Evaluation: At the end of your campaign, take a look back to draw out learning outcomes that you can feed into future campaign work. You could ask members of your campaign team to get a better reflection of what worked well and what did not.

Why should you review your campaign?

To strengthen the impact of your campaign: Reviewing regularly throughout your campaign can help you assess where you need to focus your efforts and increase momentum, for example, did you have greater success with a particular tactic?
Influence future campaigns: By evaluating your campaign you are providing crucial evidence for future campaigners to learn from your mistakes and successes.

Key questions to ask

  • What is going well/what should we continue doing?
  • What can we improve?
  • What has not gone to plan?
  • What was supposed to happen, what actually happened and why were they different?
  • How has our understanding of our campaign changed?


Running and being part of a campaign can be exceptionally rewarding, however, the emotional demands on campaigners can be tough when you are continuously prioritising the needs of others and fighting for social justice. To help combat campaign burnout, something to remember is the importance of self-care and looking after yourself during your campaign.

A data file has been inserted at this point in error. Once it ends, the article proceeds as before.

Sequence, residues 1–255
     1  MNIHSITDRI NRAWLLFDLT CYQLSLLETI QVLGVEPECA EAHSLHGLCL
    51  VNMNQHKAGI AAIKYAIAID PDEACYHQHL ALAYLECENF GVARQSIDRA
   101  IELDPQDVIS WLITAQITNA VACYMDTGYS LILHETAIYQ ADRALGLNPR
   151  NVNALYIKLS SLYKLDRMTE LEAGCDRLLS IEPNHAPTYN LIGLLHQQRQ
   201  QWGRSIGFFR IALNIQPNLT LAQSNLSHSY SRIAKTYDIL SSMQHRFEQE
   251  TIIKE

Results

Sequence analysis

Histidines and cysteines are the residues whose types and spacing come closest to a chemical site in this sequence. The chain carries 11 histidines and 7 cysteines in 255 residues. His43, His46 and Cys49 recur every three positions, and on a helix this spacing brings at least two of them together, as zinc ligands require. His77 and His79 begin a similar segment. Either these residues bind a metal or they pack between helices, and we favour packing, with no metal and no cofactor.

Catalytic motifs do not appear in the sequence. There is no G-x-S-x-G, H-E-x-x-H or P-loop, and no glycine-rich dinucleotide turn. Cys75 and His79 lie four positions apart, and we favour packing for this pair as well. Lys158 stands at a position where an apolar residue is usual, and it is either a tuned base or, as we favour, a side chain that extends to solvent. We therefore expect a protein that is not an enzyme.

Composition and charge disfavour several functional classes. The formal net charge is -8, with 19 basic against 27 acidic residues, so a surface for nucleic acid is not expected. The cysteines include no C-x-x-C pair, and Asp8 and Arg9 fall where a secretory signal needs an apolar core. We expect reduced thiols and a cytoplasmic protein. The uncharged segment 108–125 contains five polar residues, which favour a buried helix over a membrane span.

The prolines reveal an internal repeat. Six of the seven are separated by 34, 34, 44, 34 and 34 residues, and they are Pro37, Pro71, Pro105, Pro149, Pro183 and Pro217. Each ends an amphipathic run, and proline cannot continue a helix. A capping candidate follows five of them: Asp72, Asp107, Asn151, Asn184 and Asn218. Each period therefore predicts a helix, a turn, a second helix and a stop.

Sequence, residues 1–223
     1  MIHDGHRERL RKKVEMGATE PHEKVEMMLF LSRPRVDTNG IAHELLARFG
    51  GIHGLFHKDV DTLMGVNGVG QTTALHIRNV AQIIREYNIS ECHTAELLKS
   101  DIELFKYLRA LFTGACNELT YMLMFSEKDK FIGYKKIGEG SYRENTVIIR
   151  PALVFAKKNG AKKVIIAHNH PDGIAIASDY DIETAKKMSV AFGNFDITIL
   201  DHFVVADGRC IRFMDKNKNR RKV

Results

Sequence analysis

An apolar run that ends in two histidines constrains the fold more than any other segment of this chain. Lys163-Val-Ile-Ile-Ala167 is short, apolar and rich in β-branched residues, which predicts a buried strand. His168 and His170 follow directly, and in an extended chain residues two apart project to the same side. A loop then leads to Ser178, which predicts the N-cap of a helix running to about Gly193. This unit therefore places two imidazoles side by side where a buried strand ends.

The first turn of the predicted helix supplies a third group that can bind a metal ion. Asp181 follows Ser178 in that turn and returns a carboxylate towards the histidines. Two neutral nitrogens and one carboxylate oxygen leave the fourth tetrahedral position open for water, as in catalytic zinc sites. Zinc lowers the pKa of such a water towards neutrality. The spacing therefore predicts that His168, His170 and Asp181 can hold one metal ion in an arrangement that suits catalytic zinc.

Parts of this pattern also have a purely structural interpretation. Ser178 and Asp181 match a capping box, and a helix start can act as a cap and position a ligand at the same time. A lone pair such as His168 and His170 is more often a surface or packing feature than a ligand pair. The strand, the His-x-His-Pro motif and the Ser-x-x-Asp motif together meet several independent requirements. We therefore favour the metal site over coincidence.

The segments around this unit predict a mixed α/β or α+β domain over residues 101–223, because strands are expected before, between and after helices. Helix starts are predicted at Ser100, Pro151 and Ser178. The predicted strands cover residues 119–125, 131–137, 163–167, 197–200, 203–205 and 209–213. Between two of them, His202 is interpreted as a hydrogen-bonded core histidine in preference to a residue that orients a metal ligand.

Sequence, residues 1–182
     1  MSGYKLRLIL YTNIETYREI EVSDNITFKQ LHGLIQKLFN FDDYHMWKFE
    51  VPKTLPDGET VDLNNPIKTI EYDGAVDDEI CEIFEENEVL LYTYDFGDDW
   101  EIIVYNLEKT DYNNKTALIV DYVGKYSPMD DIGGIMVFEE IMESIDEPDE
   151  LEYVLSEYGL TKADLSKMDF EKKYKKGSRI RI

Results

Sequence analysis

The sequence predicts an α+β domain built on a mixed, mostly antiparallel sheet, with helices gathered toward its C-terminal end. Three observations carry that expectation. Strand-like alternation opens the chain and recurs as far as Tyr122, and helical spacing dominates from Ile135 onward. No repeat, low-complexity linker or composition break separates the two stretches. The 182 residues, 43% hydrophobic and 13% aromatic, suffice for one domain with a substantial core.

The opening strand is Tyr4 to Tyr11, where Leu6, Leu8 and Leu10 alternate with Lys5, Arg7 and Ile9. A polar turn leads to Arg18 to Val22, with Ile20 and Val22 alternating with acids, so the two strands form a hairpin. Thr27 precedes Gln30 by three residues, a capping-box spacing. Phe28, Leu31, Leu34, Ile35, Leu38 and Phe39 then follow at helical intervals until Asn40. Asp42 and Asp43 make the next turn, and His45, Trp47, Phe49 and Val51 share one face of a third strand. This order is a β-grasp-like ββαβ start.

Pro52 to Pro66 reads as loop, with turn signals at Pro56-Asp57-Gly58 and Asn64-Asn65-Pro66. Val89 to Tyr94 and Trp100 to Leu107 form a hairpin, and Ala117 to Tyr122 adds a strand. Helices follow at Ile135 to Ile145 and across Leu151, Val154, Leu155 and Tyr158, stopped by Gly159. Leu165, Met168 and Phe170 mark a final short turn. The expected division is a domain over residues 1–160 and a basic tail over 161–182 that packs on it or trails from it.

Listen to your body
Your body can’t run on empty. If you are trying to brainstorm at 8:00pm at night after a full day's work and you haven’t eaten dinner, the probability you’re going to do your best work is very low. Make sure you listen to what your body is saying and keep it well looked after.
Relax and unwind
Set some time aside to do an activity you enjoy that will help you relax. Some examples from the SU staff team include:
  • Have a bath (add candles for added luxury)
  • Take a walk, go swimming or try an exercise class
  • Cook a nice meal
  • Have a pamper session, paint your nails, do a facemask
  • Call someone for a chat
Set boundaries
Try and set your own personal boundaries during your campaign, some good ones to think about are: having clear communicative guidelines on the ways you like to work; taking rest breaks (spending a night watching Netflix in your pj’s is totally fine) and making ‘no’ a part of your vocabulary and not feeling guilty for it!